Blitzer’s Debate Approach: “I Want Light, Not Heat”

By Gail Shister 

Gail Shister
TVNewser Columnist

No blitz, says Blitzer

Contrary to the Drudge Report item today, the Clinton campaign has not pressured CNN’s Wolf Blitzer to keep the focus off Hillary in Thursday’s Democratic presidential debate, according to Blitzer.

“Nobody has warned me from the Clinton campaign, or any campaign, about anything,” says Blitzer, moderator of the 8-10pmET Las Vegas event. “Nobody has threatened me. Maybe it’s somebody trying to be mischievous.”

Some Clinton supporters accused NBC’s Tim Russert of having unfairly targeted the New York senator in the Democrats’ last debate, Oct. 30 in Philadelphia.

“I think Russert was doing his job,” says Blitzer, who helmed Democratic and G.O.P. debates in New Hampshire in June. “He was trying to follow up and be Tim Russert. He asks tough questions. That’s what people want. I admire him.”

Blitzer also denies the notion that six “boys” ganged up on one “girl.”

Hillary Clinton is the frontrunner. No matter if it’s a boy or girl, there’s a tendency to gang up on that person. It’s a natural phenomenon.”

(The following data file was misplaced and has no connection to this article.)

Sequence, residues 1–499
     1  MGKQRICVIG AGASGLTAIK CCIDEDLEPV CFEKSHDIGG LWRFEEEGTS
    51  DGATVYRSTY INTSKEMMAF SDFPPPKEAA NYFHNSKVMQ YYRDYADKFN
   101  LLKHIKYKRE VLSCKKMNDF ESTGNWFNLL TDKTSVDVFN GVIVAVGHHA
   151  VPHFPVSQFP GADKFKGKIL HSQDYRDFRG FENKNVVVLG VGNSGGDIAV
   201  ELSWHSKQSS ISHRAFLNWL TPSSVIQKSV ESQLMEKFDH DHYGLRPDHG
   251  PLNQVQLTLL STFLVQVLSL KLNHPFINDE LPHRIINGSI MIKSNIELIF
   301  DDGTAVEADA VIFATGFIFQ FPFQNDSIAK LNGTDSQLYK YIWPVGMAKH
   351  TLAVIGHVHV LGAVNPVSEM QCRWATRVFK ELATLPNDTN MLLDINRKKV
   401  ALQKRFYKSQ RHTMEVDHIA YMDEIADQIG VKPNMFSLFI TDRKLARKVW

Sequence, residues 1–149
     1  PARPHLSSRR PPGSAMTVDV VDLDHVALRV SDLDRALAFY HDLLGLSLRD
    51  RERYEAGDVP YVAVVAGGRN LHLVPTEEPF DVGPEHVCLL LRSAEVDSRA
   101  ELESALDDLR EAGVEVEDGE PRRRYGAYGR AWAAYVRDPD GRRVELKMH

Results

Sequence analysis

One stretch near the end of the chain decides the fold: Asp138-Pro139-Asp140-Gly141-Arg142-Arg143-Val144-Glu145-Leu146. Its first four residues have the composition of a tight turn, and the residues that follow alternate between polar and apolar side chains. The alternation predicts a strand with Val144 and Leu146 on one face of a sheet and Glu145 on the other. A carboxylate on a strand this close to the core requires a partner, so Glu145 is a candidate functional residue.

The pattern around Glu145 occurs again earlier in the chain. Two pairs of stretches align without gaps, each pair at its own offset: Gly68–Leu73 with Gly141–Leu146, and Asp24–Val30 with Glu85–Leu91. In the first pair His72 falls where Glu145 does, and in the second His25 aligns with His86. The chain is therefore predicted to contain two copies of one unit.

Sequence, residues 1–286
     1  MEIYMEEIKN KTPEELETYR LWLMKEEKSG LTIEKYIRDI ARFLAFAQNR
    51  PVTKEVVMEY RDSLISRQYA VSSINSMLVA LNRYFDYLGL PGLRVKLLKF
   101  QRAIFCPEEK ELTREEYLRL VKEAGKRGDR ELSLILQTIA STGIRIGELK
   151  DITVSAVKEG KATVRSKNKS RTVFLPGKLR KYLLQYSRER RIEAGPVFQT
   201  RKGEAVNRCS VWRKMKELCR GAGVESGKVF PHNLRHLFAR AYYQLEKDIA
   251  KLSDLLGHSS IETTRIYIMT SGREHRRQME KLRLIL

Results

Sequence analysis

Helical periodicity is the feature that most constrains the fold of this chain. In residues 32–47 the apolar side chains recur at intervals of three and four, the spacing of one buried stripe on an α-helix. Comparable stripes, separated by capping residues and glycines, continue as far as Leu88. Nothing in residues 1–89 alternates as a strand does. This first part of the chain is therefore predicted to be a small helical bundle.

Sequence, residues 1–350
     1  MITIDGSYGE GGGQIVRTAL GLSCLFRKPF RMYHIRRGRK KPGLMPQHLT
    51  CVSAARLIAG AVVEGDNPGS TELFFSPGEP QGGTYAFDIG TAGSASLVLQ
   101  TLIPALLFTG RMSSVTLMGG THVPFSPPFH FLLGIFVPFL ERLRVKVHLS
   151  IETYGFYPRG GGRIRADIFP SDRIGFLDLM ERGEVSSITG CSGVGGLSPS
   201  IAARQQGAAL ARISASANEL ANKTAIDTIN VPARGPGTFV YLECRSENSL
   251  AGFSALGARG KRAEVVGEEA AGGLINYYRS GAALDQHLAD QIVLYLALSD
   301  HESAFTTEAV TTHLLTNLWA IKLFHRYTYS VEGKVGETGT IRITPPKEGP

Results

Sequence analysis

NBC alum Campbell Brown, who with John Roberts will question candidates, agrees. Off the air since July, the debate will be her CNN debut.

“If you have a substantial lead in the polls, you know they will challenge you more than they’ll challenge each other. Anybody who wants to be president should expect that,” she says.

In Blitzer’s view, Clinton “is a sophisticated, strong politician. If she can’t handle the heat during a Democratic contest, wait until the Republicans really start going after her, if she’s the nominee.”

CNN has been heavily promoting the debate as a heavyweight boxing match, complete with Blitzer’s bearded puss on a faux fight card. “The Democrats are taking off the gloves and it’s going to be a fight to the finish!” the network promises.

Business as usual, says Blitzer. “The way they’re promoting is the way they’re promoting. My role is to follow up and make sure the candidates answer the questions. We’re serious professional journalists and we have serious work to do.”

That said, if the temperature rises, “it will be up to the candidates. I’m not going to be able to control it.”

“I don’t think screaming and shouting is good TV. I want light, not heat. I think good, smart, informed discussion is good TV.”

Ladies and gentlemen, take your corners.